Our two groups blended in such a tremendous and seamless manner, as evident in the group photo we did after breakfast on Friday - in our respective t-shirts, alternating colors/people. I love going with this NH group once again. We all went out to The Shed last night for dinner, a funky and delicious bbq local place of great reputation- such fun. While we had a little more than usual time of waiting for supplies/work on occasion, overall a very fine week. The variety of experiences, participation / witnessing of community formation, time/experiences in local worship and meeting homeowners (often does not occur), conversations in the food pantry - the Loaves/Fishes - the Micah Day Center for the homeless ~ these have been the building blocks of God at work as we have been weaving a colorful tapestry of new creation. Also in our time together, we played card games, became further sensitized to the homeless and Thursday had tremendous storms/local flooding here, enjoyed music/singing of our high school youth, trips to Target and Krispy Kreme, seeing jumping fish, outings to souvenir shop, Katrina Memorial, kayak /bayou trip venture and memories of work at the homes on Sweetgum and Fortson accompanied by our conversations with families there. Hopefully in some small way, we shared the gospel light we feel within -- and found ourselves enlightened in return.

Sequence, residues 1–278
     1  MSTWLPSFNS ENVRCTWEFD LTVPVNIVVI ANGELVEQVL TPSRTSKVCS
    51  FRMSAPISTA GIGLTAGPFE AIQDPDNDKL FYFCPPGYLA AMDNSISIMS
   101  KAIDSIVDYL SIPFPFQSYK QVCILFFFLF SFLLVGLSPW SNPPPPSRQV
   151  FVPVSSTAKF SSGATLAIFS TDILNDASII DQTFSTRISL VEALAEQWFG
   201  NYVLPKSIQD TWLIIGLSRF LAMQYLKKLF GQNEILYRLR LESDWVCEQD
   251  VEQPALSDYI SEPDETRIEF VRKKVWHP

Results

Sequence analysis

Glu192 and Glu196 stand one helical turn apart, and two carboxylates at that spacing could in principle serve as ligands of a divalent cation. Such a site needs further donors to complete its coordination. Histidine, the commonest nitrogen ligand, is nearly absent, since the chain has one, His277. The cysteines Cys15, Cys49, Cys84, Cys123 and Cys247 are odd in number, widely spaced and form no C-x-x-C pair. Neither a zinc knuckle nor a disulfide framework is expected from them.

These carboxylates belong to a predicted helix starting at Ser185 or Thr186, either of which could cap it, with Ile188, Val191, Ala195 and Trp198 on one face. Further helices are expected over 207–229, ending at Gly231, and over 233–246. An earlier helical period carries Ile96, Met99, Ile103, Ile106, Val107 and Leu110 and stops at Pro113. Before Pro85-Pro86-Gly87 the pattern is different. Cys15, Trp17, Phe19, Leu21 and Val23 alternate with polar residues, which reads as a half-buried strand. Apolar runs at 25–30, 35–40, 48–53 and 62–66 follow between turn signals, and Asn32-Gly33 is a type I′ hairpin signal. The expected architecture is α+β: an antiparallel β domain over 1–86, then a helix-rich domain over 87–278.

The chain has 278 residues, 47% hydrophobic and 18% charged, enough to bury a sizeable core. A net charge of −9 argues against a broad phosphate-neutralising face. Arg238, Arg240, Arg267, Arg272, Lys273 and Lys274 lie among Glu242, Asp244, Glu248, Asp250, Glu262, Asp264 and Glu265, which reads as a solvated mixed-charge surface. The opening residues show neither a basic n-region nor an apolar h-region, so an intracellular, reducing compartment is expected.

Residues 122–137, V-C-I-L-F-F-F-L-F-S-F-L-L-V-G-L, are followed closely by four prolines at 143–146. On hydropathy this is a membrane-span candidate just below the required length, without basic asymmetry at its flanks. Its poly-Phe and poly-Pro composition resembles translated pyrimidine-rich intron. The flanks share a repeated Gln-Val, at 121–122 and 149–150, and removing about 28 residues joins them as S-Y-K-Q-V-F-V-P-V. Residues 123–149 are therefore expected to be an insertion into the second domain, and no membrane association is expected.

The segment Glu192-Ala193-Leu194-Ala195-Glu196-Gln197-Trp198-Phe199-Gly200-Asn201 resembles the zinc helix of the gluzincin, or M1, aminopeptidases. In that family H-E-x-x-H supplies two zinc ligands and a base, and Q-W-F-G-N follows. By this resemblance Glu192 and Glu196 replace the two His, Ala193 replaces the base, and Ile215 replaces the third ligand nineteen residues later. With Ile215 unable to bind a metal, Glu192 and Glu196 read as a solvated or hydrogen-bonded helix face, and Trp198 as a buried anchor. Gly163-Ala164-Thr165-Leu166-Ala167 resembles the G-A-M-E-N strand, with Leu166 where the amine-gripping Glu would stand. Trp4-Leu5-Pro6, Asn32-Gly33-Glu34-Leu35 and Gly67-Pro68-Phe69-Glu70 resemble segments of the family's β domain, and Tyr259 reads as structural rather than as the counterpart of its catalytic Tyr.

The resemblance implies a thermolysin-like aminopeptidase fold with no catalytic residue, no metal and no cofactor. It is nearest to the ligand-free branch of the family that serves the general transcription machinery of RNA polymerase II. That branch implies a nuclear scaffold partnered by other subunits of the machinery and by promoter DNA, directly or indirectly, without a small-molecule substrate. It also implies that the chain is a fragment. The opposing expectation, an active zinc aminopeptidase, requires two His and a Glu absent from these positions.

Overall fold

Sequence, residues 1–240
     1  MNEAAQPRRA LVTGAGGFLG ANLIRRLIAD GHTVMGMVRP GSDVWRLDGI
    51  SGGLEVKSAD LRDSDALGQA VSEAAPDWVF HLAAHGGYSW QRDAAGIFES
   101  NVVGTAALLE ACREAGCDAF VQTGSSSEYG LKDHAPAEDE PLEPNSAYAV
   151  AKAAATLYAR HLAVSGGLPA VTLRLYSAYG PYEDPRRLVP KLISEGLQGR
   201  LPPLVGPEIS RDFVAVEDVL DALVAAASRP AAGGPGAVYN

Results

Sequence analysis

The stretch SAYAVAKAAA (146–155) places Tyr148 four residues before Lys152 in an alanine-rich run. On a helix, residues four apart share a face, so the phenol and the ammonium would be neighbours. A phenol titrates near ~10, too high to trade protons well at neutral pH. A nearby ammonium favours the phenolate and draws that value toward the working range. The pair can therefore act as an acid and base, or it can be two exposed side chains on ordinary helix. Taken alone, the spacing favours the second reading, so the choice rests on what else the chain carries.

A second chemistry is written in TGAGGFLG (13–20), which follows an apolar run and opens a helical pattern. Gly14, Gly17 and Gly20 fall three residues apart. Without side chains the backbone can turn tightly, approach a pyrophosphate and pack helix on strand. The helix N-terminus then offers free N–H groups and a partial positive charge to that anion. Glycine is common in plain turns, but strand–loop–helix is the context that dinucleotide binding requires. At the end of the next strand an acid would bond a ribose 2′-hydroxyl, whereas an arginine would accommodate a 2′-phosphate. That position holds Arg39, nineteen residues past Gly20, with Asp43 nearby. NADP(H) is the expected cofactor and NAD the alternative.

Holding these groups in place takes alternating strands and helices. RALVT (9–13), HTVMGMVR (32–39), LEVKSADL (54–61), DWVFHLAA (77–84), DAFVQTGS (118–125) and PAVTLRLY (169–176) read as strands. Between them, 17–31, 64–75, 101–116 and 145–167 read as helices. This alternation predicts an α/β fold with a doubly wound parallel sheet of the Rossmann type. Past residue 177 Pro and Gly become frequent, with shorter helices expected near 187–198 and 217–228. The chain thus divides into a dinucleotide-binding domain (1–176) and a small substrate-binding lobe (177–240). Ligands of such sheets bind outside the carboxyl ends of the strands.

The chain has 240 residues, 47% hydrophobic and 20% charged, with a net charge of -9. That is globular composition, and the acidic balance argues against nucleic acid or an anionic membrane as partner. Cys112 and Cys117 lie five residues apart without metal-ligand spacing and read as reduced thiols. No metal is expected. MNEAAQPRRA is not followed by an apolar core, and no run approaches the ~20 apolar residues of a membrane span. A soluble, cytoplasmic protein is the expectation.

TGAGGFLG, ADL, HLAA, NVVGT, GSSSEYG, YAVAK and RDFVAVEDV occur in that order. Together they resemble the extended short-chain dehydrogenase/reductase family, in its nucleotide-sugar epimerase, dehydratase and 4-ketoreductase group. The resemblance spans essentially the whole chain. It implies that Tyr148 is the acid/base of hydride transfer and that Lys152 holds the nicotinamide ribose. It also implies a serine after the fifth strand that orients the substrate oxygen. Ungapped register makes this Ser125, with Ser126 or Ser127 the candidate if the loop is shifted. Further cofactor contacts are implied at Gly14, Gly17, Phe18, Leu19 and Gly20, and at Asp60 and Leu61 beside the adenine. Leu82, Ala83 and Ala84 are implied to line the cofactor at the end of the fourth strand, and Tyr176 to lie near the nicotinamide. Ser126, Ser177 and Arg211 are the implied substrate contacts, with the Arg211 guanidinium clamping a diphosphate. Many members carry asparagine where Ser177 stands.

We are so grateful for the support in the form of prayers, messages and finances from you ~ our South Church family. We carried your affection to the people and places before us. As we prepare to head to the airport in an hour or so, we are doing a final cleaning (the NH group left at 4:30am for their flight!). It has been a further blessing to have Laura joining me/us these past two weeks. All of us are on the 10:30am flight to Atlanta, then we depart company: Laura and I go to Pittsburgh for Mike's graduation (before returning to Biloxi), Nancy returns to FL, Larry/Miriah to CT and the rest to Portland. One more sojourn nearly complete as the journey continues forth.